best fuel for a gauge one gas fired locomotive is the one that is safe to use,
performs best over a wide range of temperatures, and is available at the lowest
cost. I have arbitrarily decided not to consider propane (Pn) as a fuel
for gauge one locomotives because of its dangerously high container pressure at
any reasonable temperature. All manufacturers of gauge one locomotives
specifically caution against the use of propane as a fuel in their locomotives.
I am fully aware that some model engineers have had great success with propane
as a locomotive fuel, but that has been in locomotives specifically engineered
to accept the very high pressures inherent in the use of propane as a gauge one
model locomotive fuel.
performance is important because the liquid gasses that are used in gauge one
locomotives are dependent on temperature in order to vaporize properly at a
pressure high enough to be useful in the locomotive's burner. If the
temperature drops too low, vaporization slows down and the pressure at the
burner's nozzle drops. In the case of butane (Bn) this drop can be so
great that the burner refuses to burn much below 60 F without additional heat in
the form of a hot water bath in the tender or a cab mounted gas tank that
absorbs heat from the locomotive's backhead. Even if the outdoor
temperature is above 60 F the vaporization of the liquid gas in its storage tank
will cause it to lose heat energy. If the storage tank is too well
protected from the outside air, and little additional heat energy can reach the
tank, the gas pressure will drop until some steady state of reduced temperature
vs. pressure is reached. This condition explains why many locomotives
start off their running pulling strongly only to slow down or struggle by the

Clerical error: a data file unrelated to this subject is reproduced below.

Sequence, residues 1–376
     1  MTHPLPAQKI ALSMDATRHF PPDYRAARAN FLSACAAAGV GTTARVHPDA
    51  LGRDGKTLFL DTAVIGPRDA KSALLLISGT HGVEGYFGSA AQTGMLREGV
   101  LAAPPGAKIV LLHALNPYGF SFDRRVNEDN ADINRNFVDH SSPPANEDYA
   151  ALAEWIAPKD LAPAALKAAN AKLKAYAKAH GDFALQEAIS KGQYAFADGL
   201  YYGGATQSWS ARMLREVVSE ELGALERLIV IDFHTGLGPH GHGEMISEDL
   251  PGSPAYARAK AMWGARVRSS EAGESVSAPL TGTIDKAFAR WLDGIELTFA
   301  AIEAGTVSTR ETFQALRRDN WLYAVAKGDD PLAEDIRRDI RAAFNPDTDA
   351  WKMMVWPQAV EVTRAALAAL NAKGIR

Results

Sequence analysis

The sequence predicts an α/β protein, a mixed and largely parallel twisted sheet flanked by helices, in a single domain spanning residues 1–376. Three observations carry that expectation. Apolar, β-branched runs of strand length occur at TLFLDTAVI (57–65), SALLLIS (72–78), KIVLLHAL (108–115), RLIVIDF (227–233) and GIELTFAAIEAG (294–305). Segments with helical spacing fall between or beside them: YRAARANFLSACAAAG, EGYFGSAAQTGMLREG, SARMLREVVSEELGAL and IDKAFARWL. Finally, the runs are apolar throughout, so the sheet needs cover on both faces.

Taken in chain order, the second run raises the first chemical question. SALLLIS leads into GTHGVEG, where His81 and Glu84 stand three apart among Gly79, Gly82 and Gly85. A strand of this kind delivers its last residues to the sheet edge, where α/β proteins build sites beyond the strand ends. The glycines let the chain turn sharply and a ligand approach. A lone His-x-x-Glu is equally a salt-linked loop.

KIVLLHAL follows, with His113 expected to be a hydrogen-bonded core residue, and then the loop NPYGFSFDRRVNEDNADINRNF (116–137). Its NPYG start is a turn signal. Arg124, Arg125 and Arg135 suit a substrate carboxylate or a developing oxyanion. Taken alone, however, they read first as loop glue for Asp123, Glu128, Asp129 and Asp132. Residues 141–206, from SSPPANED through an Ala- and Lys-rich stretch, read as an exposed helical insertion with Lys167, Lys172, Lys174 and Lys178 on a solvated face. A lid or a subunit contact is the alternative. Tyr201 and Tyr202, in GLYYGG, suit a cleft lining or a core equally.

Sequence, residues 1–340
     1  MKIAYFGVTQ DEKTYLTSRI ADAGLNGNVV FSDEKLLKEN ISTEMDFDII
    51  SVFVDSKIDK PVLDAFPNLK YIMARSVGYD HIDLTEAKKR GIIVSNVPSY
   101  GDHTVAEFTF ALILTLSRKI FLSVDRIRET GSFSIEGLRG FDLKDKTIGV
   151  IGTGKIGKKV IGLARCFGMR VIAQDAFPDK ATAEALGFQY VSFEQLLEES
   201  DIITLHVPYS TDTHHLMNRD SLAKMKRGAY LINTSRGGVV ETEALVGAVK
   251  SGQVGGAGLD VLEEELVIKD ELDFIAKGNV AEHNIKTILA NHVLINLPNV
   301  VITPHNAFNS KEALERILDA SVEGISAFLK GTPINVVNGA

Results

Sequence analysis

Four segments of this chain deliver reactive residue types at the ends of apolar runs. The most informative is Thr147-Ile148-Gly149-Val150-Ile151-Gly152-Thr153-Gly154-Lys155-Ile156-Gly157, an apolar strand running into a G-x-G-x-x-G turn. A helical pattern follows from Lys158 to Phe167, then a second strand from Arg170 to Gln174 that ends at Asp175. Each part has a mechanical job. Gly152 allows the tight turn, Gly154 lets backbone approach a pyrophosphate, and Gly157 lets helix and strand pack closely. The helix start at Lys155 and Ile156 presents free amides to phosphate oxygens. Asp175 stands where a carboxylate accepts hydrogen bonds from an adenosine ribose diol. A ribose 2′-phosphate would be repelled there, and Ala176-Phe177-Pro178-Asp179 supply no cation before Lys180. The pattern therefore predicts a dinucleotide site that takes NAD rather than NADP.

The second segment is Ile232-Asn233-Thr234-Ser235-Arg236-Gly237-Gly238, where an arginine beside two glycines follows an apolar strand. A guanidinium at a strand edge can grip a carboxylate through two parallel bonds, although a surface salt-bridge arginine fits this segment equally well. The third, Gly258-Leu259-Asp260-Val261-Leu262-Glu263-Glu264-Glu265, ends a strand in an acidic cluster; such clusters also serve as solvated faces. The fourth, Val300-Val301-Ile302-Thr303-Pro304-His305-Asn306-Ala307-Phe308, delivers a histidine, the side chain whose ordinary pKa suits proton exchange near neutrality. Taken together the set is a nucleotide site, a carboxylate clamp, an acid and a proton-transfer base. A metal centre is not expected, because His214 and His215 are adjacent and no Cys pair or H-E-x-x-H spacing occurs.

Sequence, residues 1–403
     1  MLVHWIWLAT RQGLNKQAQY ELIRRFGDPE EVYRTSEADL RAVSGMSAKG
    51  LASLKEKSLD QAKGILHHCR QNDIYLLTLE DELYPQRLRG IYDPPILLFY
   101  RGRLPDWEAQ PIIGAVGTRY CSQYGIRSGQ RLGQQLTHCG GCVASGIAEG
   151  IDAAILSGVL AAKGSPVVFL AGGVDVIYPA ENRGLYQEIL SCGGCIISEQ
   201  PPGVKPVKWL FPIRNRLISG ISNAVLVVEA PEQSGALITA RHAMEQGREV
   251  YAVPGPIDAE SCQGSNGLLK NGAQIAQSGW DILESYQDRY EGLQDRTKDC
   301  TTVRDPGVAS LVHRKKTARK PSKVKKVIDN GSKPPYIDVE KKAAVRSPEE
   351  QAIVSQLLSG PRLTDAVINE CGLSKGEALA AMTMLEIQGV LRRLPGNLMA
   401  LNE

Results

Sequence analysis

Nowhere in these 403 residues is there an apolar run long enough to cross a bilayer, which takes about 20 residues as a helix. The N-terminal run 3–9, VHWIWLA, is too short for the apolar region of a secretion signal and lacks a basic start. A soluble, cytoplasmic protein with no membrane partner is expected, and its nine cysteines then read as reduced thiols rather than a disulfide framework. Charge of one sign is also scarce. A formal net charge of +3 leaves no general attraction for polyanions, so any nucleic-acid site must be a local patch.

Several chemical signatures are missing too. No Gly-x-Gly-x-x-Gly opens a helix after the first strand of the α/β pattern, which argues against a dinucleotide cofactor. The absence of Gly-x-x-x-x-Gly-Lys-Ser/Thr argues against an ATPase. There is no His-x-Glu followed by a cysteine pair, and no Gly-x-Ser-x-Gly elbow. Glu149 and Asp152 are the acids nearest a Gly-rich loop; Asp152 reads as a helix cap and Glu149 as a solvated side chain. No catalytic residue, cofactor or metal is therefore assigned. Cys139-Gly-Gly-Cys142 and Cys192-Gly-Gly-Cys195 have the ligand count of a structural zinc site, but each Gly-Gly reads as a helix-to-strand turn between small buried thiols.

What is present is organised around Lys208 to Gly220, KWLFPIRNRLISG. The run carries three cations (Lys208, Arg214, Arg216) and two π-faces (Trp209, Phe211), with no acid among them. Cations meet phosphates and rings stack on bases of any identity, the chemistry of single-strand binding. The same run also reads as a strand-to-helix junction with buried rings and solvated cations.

end of the run. It has nothing to do with the supply of liquid gas in the
container, but it has everything to do with the temperature of the container as
it affects the gas pressure at the nozzle.
of the liquid gas containers that are used to fuel gas one locomotives are
really designed to fuel camping stoves, illuminating devices and heaters for
campers, backpackers, hunters, and other outdoor users. The manufacturers
who cater to this market have a problem similar to the one that plagues gauge
one locomotives - outdoor temperature. Liquid gas evaporation is just as important
to the proper operation of their appliances at it is to the burner jet in gauge
one locomotives. As the out door temperature drops, the efficiency of
their products fall off and, in days past, the cold weather outdoorsman turned
to gasoline and kerosene fuels when the weather turned frosty.
gas appliance manufacturers look for a gas that would perform better at lower
temperatures, and the petroleum industry responded by developing isobutane (Bi) liquefied
gas to replace the butane liquefied gas then in service. Isobutane is an
isomer of butane. That means that it is has the same number of hydrogen
and carbon atoms, but that they are rearranged in a different order within the
molecule. This change results in a product that exerts more pressure
within its container at any given outdoor temperature than regular butane.
Although isobutane boosts the performance of outdoor appliances it has one
drawback and that is price. The petrochemical industry changes more for
isobutane than for butane because of the cost involved in juggling the atoms of
hydrogen and carbon.